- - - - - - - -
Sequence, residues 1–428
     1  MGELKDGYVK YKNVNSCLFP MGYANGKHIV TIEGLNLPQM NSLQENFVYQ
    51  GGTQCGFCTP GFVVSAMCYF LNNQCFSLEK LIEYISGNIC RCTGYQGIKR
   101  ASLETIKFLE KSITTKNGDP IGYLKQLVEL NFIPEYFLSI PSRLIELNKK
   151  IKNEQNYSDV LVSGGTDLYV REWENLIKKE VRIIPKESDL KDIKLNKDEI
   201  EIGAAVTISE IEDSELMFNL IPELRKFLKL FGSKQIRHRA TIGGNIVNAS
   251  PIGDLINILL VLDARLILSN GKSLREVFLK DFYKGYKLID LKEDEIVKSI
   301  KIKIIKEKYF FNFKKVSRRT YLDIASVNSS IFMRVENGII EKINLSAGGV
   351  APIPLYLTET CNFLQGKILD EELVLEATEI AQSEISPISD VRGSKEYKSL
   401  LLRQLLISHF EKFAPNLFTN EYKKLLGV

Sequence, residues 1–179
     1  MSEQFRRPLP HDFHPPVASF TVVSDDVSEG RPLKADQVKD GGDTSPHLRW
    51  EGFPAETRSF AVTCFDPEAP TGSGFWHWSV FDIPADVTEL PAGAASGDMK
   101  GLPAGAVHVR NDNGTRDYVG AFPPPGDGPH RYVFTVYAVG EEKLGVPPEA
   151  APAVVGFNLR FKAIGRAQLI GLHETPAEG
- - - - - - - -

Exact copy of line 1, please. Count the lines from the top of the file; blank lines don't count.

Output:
Sequence, residues 1–428